Another thing that helps me a lot is, whenever I make time to go to the studio to work creatively I don’t make any appointments after studio time. Sometimes an appointment will require you to stop what you’re doing in your most creative moment, simply because you have to be somewhere else. But once I’m at the studio working, I try not to judge what I'm doing. You can always judge yourself later, but while you’re working it’s not the right time yet. It can cut the creative flow very easily to mix the two things.
Music and sounds can heal, but they can also hurt. Do you personally have experiences with either or both of these? Where do you personally see the biggest need and potential for music as a tool for healing?
I think the biggest need for music is where people are imprisoned by their minds and don’t see any way to get a glimpse of something bigger than their own thoughts. In my experience, the impact of music is mainly positive, music goes straight to the soul. Lately I realised that whenever I play my music I feel very calm afterwards, and this calmness affects the audience as well.
If my music makes you sleep, I honestly consider it a compliment. Especially in a time like today, when we are ultra stimulated and most people find it difficult to turn off and relax.
There is a fine line between cultural exchange and appropriation. What are your thoughts on the limits of copying, using cultural signs and symbols and the cultural/social/gender specificity of art?
In my work, I’m constantly trying to attune to something beyond myself. Different cultures have always attracted me, and I think this curiosity reveals itself most through my interest in languages. I love learning different languages and I dare say this is currently my main hobby. I like to think that you can get a bit of access into how people feel and think once you speak their languages, understand how that language works and hear the melodies of the sentences. It’s an act of reverence, of honouring a culture. You don’t steal the language when you’re speaking it, quite the opposite.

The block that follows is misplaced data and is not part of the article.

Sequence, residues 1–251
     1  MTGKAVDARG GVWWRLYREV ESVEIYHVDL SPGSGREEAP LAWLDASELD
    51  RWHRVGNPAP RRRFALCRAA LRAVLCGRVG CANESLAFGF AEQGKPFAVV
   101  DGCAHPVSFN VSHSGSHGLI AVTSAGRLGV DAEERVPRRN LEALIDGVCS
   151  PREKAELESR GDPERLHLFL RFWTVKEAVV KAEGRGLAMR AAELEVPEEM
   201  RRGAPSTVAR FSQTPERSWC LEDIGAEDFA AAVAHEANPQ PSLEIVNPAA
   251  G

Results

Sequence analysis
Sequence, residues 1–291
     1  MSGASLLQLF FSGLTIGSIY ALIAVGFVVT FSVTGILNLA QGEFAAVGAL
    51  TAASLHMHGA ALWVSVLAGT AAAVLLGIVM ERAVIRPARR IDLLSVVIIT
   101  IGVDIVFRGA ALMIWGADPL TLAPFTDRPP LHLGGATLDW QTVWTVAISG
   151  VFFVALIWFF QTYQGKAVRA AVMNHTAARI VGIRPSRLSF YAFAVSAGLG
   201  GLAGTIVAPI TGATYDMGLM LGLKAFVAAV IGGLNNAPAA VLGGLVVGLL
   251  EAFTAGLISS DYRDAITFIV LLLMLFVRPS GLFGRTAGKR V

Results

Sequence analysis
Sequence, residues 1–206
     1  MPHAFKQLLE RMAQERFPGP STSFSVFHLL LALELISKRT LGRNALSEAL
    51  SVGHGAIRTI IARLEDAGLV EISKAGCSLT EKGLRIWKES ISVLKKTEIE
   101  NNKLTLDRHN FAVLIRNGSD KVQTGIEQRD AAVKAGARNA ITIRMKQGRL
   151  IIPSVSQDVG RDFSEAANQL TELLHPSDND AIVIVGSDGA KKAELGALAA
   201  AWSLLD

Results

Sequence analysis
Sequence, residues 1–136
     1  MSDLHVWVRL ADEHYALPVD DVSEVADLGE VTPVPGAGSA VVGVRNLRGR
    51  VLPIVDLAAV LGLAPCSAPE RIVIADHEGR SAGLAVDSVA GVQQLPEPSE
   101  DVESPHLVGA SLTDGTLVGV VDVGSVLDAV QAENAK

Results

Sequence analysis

For me personally it happens in a similar way with music. I’m curious about both music and languages, and when the intention is that of respect and understanding, I see every exchange as an enrichment, either of melodies, repertoire or emotions.
Our sense of hearing shares intriguing connections to other senses. From your experience, what are some of the most inspiring overlaps between different senses - and what do they tell us about the way our senses work?
For me sounds are very visual: different keys have different colours, different timbres have different shapes, different dynamics have different sizes and density. Synesthesia is really part of my way of visualising music, but I leave the explanations to the specialists! (laughs)
Art can be a purpose in its own right, but it can also directly feed back into everyday life, take on a social and political role and lead to more engagement. Can you describe your approach to art and being an artist?
I believe my task as an artist is to make music that is created out of a bigger consciousness, on the flow. Led by intuition, rather than intellect. What I’m hoping in the end is that my music functions as a bridge for people to connect with themselves and this consciousness.
I want to make this experience as true as I possibly can – true to intuition, true to the senses – and I mean not only the music but also myself and everything that is around me. It’s very spiritual in a way, but in the end every music works like that somehow. The same way intellectual music creates an intellectual audience, when you approach music through the sensorial, the intuitive, your audience connect to your music in a similar way.
What can music express about life and death which words alone may not?
Sounds are mainly perceived through the senses, instead of being process by the analytical mind - and we can experience sounds deeper than words and meaning.